Another idea proposes that it is due to bodily substances such as serotonin and glutamate, which influence nerve signals between the brain and the digestive tract.

Other likely causes or Triggers include;

Food intolerance, poisoning, or allergy.

Gastric infection 

Severe infections such as gastroenteritis resulting from a bacterial or viral infection can cause severe bouts of diarrhea that might develop into IBS.

Stress and Anxiety

People, especially teenagers exposed to stressful events at an early age, tend to have symptoms of IBS.


The common symptoms of IBS include 

Abdominal pain and cramping

The most frequent symptom and a significant component in diagnosis is abdominal pain. Normal digestion is controlled by a partnership between your stomach and brain. 

Hormones, nerves, and signals generated by the beneficial bacteria in your gut play a role in this. These cooperative signals get skewed in people with IBS, resulting in uncoordinated and unpleasant tension in the digestive tract muscles. 

This pain is commonly felt in the lower abdomen or across the stomach, although it is less common in the upper abdomen. Following a bowel movement, the pain usually subsides. Dietary changes, such as consuming low-FODMAP meals, may help with pain and other symptoms. Bowel relaxants, such as peppermint oil, are another option.


Some of the most frequent and aggravating symptoms of IBS are gas and bloating. Bloating can be reduced by eating a low-FODMAPs diet.


The most prevalent IBS is constipation-predominant IBS, which affects approximately half of patients with IBS. Stool transit time may be sped up or slowed down due to a disruption in communication between the brain and the gut. The gut collects more water from feces as transit time slows, making it more difficult to pass. Constipation in IBS typically creates a sense of an incomplete bowel movement, in addition to abdominal pain that improves following a bowel movement. Unnecessary straining arises as a result of this.


Diarrhea-predominant One of the three primary forms of IBS is Irritable Bowel Syndrome (IBS). It affects around one-third of IBS patients. In IBS, accelerated bowel transit can also cause a sudden, intense tendency to go to the bathroom. Some patients report that this is a major cause of worry and that they avoid certain social situations in fear of a rapid start of diarrhea. The stool is usually loose, watery, and may contain mucus.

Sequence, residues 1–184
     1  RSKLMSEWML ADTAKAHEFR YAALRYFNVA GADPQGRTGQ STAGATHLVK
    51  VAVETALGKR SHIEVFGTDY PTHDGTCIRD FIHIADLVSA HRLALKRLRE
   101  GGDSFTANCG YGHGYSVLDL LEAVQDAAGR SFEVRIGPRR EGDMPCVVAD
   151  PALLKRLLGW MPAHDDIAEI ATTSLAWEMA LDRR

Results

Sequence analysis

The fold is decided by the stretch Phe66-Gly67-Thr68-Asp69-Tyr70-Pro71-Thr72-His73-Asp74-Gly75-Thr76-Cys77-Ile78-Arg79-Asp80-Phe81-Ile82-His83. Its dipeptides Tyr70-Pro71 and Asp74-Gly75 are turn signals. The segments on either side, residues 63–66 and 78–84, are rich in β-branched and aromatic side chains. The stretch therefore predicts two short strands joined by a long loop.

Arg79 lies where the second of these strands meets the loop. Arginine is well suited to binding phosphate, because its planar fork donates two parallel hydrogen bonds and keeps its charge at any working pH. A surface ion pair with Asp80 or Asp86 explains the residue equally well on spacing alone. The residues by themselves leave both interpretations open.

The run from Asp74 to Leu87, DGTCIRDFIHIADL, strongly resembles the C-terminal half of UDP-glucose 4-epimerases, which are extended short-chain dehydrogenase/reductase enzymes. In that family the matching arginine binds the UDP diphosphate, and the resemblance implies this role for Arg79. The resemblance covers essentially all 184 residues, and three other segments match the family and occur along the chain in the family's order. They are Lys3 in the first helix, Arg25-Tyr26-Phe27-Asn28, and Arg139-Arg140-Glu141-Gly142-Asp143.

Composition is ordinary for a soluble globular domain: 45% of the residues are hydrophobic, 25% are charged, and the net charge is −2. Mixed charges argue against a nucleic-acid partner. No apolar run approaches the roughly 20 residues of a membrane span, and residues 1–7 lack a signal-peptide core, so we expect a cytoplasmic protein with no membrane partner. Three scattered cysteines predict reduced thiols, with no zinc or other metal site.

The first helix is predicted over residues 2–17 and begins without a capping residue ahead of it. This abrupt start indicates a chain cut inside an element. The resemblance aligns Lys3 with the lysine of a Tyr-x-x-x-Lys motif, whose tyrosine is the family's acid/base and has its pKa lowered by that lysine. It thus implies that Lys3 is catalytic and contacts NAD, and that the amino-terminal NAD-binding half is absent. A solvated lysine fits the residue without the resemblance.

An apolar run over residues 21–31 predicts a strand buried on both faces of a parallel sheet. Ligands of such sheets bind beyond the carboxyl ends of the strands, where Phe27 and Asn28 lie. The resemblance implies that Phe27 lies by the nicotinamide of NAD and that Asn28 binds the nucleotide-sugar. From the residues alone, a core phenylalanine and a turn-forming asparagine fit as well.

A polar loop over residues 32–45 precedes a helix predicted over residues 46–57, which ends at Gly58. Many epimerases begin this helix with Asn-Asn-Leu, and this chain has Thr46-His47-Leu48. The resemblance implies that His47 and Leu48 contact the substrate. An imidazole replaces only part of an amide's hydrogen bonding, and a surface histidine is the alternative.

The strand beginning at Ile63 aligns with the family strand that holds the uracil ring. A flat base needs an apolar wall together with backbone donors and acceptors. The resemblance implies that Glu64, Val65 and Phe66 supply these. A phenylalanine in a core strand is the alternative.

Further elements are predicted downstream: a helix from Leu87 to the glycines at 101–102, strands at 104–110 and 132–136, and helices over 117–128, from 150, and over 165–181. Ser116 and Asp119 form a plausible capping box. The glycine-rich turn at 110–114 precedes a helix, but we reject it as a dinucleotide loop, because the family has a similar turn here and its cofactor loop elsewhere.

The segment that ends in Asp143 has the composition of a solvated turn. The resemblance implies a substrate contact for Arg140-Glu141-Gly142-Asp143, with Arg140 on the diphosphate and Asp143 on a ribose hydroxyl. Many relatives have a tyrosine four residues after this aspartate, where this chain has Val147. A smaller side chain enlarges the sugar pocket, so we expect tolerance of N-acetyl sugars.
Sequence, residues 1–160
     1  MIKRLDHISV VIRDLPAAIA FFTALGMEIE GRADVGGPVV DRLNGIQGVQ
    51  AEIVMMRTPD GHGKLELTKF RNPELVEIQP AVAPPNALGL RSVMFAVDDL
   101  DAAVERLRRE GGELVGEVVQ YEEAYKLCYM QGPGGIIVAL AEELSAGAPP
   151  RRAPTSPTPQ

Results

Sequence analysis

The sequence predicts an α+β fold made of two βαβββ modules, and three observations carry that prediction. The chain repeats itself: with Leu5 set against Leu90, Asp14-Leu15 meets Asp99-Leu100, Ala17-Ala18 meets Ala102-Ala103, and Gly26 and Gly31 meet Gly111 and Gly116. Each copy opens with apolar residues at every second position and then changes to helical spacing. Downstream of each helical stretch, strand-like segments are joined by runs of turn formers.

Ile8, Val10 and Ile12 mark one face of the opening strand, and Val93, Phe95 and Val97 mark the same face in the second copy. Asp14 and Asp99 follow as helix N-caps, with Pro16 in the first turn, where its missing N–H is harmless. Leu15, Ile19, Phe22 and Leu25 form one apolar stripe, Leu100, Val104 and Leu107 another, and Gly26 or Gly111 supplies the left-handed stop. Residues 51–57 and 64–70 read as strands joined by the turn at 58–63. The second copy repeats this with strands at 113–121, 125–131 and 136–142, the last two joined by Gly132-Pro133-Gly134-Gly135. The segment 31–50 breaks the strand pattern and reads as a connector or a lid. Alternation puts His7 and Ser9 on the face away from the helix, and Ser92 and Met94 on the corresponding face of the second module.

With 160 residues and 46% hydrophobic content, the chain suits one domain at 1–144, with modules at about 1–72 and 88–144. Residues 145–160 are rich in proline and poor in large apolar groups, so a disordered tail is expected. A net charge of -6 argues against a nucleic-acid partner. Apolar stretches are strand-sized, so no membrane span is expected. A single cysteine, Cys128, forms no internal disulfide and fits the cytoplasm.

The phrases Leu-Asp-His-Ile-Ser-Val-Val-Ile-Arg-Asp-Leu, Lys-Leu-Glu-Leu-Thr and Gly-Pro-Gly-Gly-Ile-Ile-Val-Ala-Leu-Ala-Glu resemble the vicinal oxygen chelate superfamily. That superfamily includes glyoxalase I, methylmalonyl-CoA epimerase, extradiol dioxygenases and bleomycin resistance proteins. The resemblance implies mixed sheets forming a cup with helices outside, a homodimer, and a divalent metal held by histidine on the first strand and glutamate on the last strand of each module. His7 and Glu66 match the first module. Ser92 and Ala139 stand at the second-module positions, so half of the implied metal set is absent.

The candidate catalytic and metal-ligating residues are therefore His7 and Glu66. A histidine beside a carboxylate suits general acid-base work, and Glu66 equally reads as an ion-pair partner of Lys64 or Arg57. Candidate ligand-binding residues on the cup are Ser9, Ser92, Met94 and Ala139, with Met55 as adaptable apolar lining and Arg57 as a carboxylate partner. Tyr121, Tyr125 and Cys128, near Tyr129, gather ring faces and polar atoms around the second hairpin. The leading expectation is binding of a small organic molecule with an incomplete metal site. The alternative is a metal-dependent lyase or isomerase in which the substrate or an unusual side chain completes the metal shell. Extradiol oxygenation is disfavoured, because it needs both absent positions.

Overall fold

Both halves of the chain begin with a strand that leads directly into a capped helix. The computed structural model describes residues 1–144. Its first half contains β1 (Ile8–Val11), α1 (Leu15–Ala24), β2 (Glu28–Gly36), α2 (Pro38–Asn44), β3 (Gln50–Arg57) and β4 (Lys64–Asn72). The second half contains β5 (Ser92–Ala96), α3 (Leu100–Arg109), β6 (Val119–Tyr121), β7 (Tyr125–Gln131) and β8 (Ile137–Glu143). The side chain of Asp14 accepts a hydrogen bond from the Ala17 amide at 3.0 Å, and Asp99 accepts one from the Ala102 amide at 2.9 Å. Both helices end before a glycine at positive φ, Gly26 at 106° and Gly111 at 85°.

Alternating Constipation and Diarrhea.

Anxiety and Depression

IBS has also been related to anxiety and depression. It’s unclear if IBS symptoms are a manifestation of mental stress or if the stress of having IBS makes people more susceptible to mental health problems. Anxiety and intestinal IBS symptoms reinforce one other in a vicious spiral, regardless of which occurs first.

Food intolerance

Up to 70 percent of patients with IBS say that certain meals provoke symptoms. Why certain foods induce symptoms is unclear. Food intolerances are not allergies, and trigger foods have no tangible impact on digestion. While each person’s trigger foods are different, popular ones include gas-producing foods like FODMAPs, as well as dairy and gluten-containing food like Wheat and Rye.


Lubiprostone and Linaclotide

They are both drugs that increase fluid secretion and helps with the passage of stool.


This drug ease diarrhea by reducing muscle spasm of the Large Intestine.


This drug is designed to relax the large colon and slow waste through the lower colon. It is prescribed in women with Diarrhea-predominant IBS who haven’t responded to other treatments.

It is only considered when other treatments have failed, and its application is restricted to severely affected patients with IBS due to Alosetron’s serious GI adverse reaction. Doctors that prescribe this drug must be registered with the Alosetron Prescribing Program.


It increases intestinal fluid secretion and accelerated transit. It is prescribed to patients with Constipation-predominant IBS.


This drug increases water secretion into the intestinal tract and accelerates food mass/stool transit time, resulting in softer stool consistency. They are prescribed to adults with Constipation-predominant IBS.

Other Medications in IBS

Tricyclic Antidepressants

These agents have Antidepressant and analgesic properties and effectively treat IBS and reduce abdominal pain.

They include; Imipramine and Amitriptyline.


May play a role in the treatment of IBS by preventing bacterial growth. Example: Rifaximin, antibiotic used in adult patients with Diarrhea-predominant Irritable Bowel Syndrome.

Bulk-forming Laxatives

Made up of natural and synthetic polysaccharides, Cellulose derivatives. They dissolve or swell in intestinal fluids to form smooth, moisturizing gels that facilitate the passage of intestinal contents and promote bowel movement and help prevent constipation.


Promotes bowel evacuation by forming viscous liquid and promoting movement.

Fiber Supplement